In late January, we had the opportunity to trek wild puma on a private estancia abutting Torres del Paine National Park in Chile. We were guided by a terrific photographer, Chilean Rodrigo Maragaz ( Rodrigo Maragaz). Over two days, we were fortunate enough to spend time with six individual cats, three female adults and three kittens. Day one we walked with mama cat Sol and her kitten for much of the morning. In the afternoon, we met female Ginger by herself.
Overnight, Sol killed a Guanaco, the lama-like camel relative native to the area. So on day two, we sat on the kill as a gorgeous cat, Pataka, her two grey kittens, and Sol and her kitten each came to feed on the kill, to rest and to groom one another.
The third leg of our African journey took us into Zambia and the Lower Zambezi River National Park. Chiawa Camp (https://www.chiawa.com/chiawa-camp/) on the Lower Zambezi River presented an entirely different bush experience. Obviously centered on the Lower Zambezi River, the traditional safari jeep game drives were supplemented by boat safaris along the river shore. The river has many islands that emerge and submerge depending on the water levels released from the dam upriver at Victoria Falls. Protected from predators, the hippos emerge in daylight hours to graze on the high grasses on the islands, only to thunder into the water at the approach of our boats. The shore is heavily wooded, essentially a woodland park for much of the shoreline rich with impala, elephants, lions, dogs and leopards. Unlike other camps we've visited, at Chiawa, the guides rotate each day so one gets a different take on the area from each and gets to know the entire guiding staff, which we all enjoyed tremendously.
A final thank you again to Rob Barbour and Robynne Flemming at Epic Private Journeys for arranging this amazing trip, and for helping us deal with complexities of covid testing in the bush (think helicopters and small fixed wing aircraft). These guys are the very very best -
Our second stop in Africa in October was the famous Okavango Delta. Sweltering heat, gracious people and amazing wildlife! We hit two Safari camps in the Delta. First was Mapula Lodge (Mapula Lodge) and the second was Taludi Camp (Taludi)
Both are run by Natural Selections, though are quite different. We generally felt that the facilities at Mapula were a bit tired, though the staff and the available wildlife viewing were exceptional. Taludi, on the other hand, is brand new and quite swanky, though it did have a bit more of a "canned safari" feel (one of our party called it the Hyatt of safaris.)
In the images, you'll see three blocks of images interspersed with individual images. The first is a series of the Wild Dogs at Mapula, both closeups and some rather graphic images of a hunt and a kill. The second is of a sibling pair of male and female lions (also at Mapula) who allowed us to spend some time with them as they followed the zebra and antelope herds. The last is a series of a gorgeous female leopard at Taludi who allowed to spend the better part of an hour with her as she moved through the low brush in beautiful afternoon light. I have a soft spot for leopards, and she's in the center of it.
A note on photographing on this trip. For much of it we had challenging light. In the Pans Nt'l Park, we were out in full bright midday light against baked white landscapes. In the Delta (then again later in Zambia) there were fires burning in the fields surrounding the park making for white, featureless skies. All the richer then, when we got some early morning or late afternoon light with some contour and/or warmth.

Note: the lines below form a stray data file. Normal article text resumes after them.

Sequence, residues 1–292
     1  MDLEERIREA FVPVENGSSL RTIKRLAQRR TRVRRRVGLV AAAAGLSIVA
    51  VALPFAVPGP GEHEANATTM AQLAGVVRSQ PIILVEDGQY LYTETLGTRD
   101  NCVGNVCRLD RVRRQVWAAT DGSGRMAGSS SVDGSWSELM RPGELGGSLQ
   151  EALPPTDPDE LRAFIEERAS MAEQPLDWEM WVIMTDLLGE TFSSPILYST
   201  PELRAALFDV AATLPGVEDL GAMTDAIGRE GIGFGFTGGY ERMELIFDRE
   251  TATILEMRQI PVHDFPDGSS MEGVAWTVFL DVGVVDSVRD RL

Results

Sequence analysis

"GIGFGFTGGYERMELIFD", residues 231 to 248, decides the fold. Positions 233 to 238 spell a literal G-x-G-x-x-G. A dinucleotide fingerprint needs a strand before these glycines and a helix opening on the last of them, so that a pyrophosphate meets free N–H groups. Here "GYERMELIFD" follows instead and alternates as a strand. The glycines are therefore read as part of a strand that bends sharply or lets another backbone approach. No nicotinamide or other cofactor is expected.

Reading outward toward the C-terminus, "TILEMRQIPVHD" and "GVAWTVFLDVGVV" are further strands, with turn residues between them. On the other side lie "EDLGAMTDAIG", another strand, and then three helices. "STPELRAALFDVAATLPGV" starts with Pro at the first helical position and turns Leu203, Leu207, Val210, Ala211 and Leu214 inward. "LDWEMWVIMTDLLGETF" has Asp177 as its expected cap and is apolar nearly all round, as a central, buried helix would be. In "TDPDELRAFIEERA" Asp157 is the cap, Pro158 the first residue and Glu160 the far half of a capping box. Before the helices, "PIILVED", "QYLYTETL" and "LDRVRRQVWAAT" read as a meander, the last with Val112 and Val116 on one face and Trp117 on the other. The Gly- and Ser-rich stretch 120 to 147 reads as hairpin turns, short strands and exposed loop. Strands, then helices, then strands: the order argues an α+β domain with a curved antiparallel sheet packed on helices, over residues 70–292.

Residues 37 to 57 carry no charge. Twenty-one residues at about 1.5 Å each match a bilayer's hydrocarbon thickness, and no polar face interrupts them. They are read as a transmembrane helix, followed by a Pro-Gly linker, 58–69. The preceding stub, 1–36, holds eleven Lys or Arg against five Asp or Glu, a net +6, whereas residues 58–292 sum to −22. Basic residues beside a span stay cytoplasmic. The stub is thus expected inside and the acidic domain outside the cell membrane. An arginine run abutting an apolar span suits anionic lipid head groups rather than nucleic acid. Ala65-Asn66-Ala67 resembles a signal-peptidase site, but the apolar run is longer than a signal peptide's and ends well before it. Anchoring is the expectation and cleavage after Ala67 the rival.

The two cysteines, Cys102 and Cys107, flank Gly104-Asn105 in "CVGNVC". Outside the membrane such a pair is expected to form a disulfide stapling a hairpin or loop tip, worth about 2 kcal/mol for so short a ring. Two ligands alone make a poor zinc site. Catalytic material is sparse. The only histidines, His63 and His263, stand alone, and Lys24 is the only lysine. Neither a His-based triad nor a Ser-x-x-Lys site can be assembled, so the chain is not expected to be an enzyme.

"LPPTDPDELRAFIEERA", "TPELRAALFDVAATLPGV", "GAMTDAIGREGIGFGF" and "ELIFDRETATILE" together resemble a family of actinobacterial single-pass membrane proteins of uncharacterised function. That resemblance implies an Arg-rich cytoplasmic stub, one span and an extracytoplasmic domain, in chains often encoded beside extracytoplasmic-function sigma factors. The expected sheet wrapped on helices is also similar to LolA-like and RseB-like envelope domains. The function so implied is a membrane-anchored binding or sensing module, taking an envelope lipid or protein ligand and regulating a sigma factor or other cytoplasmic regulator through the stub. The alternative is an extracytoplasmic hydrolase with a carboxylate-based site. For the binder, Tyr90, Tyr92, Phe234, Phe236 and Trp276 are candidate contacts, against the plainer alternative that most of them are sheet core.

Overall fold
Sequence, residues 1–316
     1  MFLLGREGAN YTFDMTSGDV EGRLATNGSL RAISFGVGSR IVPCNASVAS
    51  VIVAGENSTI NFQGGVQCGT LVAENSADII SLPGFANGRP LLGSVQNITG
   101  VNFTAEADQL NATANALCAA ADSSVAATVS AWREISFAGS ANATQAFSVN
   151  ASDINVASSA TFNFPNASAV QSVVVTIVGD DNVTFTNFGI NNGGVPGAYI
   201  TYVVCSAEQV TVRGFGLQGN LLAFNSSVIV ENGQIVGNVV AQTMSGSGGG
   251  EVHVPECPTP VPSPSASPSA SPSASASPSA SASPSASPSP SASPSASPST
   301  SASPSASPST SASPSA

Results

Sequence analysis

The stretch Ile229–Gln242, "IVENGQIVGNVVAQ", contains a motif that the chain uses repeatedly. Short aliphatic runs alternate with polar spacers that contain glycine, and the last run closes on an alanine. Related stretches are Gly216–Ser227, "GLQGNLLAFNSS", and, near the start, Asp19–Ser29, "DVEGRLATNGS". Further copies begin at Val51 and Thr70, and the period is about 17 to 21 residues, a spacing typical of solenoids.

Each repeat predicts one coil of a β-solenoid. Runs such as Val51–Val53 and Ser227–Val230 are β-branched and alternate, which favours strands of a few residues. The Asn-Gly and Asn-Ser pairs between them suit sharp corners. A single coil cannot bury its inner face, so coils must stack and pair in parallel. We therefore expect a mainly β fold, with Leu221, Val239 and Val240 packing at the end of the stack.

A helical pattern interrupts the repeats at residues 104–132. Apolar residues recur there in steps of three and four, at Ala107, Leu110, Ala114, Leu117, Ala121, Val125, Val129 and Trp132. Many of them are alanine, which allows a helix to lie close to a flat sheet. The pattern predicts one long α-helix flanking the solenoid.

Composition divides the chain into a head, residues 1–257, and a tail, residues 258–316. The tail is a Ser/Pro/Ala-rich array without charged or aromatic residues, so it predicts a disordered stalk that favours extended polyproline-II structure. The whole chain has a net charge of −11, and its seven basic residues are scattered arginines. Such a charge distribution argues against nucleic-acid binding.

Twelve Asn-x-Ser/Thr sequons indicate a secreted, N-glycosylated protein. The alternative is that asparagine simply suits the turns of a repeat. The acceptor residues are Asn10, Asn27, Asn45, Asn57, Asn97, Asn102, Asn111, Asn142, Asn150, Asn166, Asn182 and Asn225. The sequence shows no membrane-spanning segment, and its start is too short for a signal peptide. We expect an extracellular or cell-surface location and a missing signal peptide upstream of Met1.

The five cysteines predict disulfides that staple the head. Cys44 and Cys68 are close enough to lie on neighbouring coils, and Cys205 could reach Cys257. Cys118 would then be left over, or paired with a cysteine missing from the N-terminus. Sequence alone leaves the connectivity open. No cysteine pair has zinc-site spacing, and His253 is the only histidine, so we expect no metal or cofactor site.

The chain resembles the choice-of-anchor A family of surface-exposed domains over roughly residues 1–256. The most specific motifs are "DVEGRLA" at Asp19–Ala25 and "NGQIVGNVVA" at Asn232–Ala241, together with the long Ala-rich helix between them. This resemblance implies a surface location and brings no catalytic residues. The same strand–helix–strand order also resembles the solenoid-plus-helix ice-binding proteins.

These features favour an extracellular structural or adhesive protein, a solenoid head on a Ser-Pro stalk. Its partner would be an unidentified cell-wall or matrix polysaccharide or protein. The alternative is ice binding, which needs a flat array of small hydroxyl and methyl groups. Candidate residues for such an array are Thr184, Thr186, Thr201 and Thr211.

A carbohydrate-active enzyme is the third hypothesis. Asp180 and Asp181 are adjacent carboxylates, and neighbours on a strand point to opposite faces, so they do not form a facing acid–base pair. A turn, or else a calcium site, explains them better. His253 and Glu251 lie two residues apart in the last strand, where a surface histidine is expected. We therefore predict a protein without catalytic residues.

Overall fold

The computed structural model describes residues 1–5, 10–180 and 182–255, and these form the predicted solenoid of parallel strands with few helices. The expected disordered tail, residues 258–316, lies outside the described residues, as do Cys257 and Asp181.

Again, thanks to Rob Barbour and Robynne Fleming at Epic Private Journeys (Epic) for coordinating such amazing adventures (and helping us navigate the various covid testing protocols along the way.)
Thanks for stopping by -
Worrying about Covid, we nonetheless ventured in October to Southern Africa with dear friends. Little did we know that we would leave there just ahead of the new Omicron Variant that has since surfaced in the countries we visited! Fortunately, Safari is by structure a socially distanced activity. Now, we reflect and worry for the lovely people who cared for us there so beautifully. May they all be well!
This collection is the first of three from that trip. These images are from our stay at Meno a Kwena Safari Camp (https://naturalselection.travel/camps/meno-a-kwena/.) This camp is on the border of the Makgadikgadi Pans National Park in Botswana. The rhythm here is different from other safari camps in that the game drives are in the middle of the day to match the animals' pattern of descending from the protection of the bush down to the Boteti River, then back into the bush at sunset. And it was hot! Hovering around 105F (approx 45C) in the heat of the day. But it was extraordinary. One day, we counted 100 elephants in our view of the river, all bachelor males behaving badly!
Thanks to friend Rob Barbour of Epic Private Journeys (https://epicprivatejourneys.com/) who once again choreographed an amazing African journey.
Thanks for Looking
Isolated, locked down. A chance to "revisit" images from past adventures. These are from a trip to Bhutan in 2012, when I was just beginning to be serious about making images. The people of Bhutan stand out. One day, perhaps to return.
As always, if you play the slideshow with your computer sound turned on, there is an accompanying soundtrack (some computers and mobile devices won't play the music - regrets.) The music for the slideshow is "the Song of Auspiciousness" from Sacred Feminine Voices of Bhutan (used by Fair Use Rules, no additional rights claimed)